3. Limited Angle Pose (Baddha Konasana)

This forward seated bend provides hip flexion and external rotation of the Pigeon, but increases pelvic symmetry. The knees are located further from the body than in the Pigeon, which allows the adductors to be stretched. Again, supports attached to the outer thighs can help support residual body weight for sensitive knees.

As: Set yourself up in the knotted angle pose as if you were going into a cross-legged position, but instead of crossing your legs, bring the soles of your feet together. Press evenly on both sit bones to lift and lengthen your back. Lean forward until you feel a gentle stretch along your outer or inner thighs, then either support your straight arms, forearms, or support, and breathe.

Outside the cow's face
(Photo: Andrew Clarke)

4. Cow face pose (Homukhasana)

This pose flips the script a bit. It’s not very pigeon-like, but this pose allows both hips to flex and externally rotate, just like the front leg of a pigeon. Although bringing the legs together offers less potential for the adductor stretch, the support of the top knee on the bottom knee brings the leg closer to the chest and the front of the pelvis, providing an even better stretch of the back of the thigh. You can emphasize this stretch by bending forward at the hips.

As: Get into a four-legged cow face or downward facing dog pose. Bring your right knee forward to the mat near your right wrist, then lower your right sitting bone to the ground. Bring your left foot forward to cross the inside of your left thigh over your right, bringing each heel closer to the opposite thigh. Your knees may even collapse. Press evenly on both sit bones to lift and lengthen the torso. Lean forward until you feel a gentle stretch along the outside of your thighs, then either lean into your straight arms or rest your torso on your upper thigh or support and breathe. When you’re ready, repeat your steps and repeat on the other side.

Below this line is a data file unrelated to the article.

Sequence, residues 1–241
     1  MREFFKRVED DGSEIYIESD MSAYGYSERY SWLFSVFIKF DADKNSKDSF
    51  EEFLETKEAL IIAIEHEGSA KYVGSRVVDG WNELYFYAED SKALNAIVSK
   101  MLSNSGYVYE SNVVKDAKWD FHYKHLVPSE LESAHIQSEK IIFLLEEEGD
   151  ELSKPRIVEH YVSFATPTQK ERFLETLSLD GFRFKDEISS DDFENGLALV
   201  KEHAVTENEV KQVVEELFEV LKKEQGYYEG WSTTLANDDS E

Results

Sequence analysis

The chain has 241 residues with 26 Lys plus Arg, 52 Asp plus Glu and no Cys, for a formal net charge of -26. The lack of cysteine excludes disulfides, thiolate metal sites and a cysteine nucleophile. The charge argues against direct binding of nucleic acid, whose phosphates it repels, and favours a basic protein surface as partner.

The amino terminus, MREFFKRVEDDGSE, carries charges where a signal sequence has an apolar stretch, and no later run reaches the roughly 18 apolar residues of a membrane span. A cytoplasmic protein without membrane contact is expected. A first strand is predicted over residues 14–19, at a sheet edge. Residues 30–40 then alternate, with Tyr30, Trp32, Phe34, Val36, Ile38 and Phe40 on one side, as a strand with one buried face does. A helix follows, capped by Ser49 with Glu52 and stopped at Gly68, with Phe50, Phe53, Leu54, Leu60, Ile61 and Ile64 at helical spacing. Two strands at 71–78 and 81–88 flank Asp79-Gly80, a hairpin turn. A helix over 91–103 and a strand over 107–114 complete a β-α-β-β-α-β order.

(Photo: Photo: Andrew Clark; Clothing: Kalia)

5. Lying Figure 4

It is the most supported Pigeon alternative. Although reclining figure 4 is the biggest departure from it in appearance, it retains the hip flexion and external rotation of the pigeon. By lying on your back with your knee at a right angle and your ankle resting on the opposite knee, you can adopt a position that stretches the relevant tissues without putting your weight on the joints. Even though the spine is now neutral rather than bending forward, the benefit of being able to support the floor can make you feel even more calm and introspective than when sitting forward.

As: Lie on your back, bend your knees and place your feet on the mat. Lift your right leg and cross your right ankle over your left knee, then let your right knee bend away from you to the front of the mat. You may already feel a gentle stretch in the outer or inner thigh. If not, lift your left leg, reach between your legs to hug the back of your left thigh, and pull both legs toward your body until you feel the right sensation. You can also rock your lower body slightly in any direction to change the location and emphasis of the stretch. Find a place where you can sit comfortably and breathe. When you’re ready, release both legs back to the mat and repeat on the other side.

RELATED: 5 Ways to Practice Pigeon Pose

About our contributor

Rachel Land is a Yoga Medicine instructor who offers group and individual yoga classes in Queenstown, New Zealand, and by request at practice.yogamedicine.com. Passionate about the real-world application of her anatomy and alignment studies, Rachel uses yoga to help her students build strength, stability, and mental clarity. Rachel is also the co-host of the new Yoga Medicine podcast.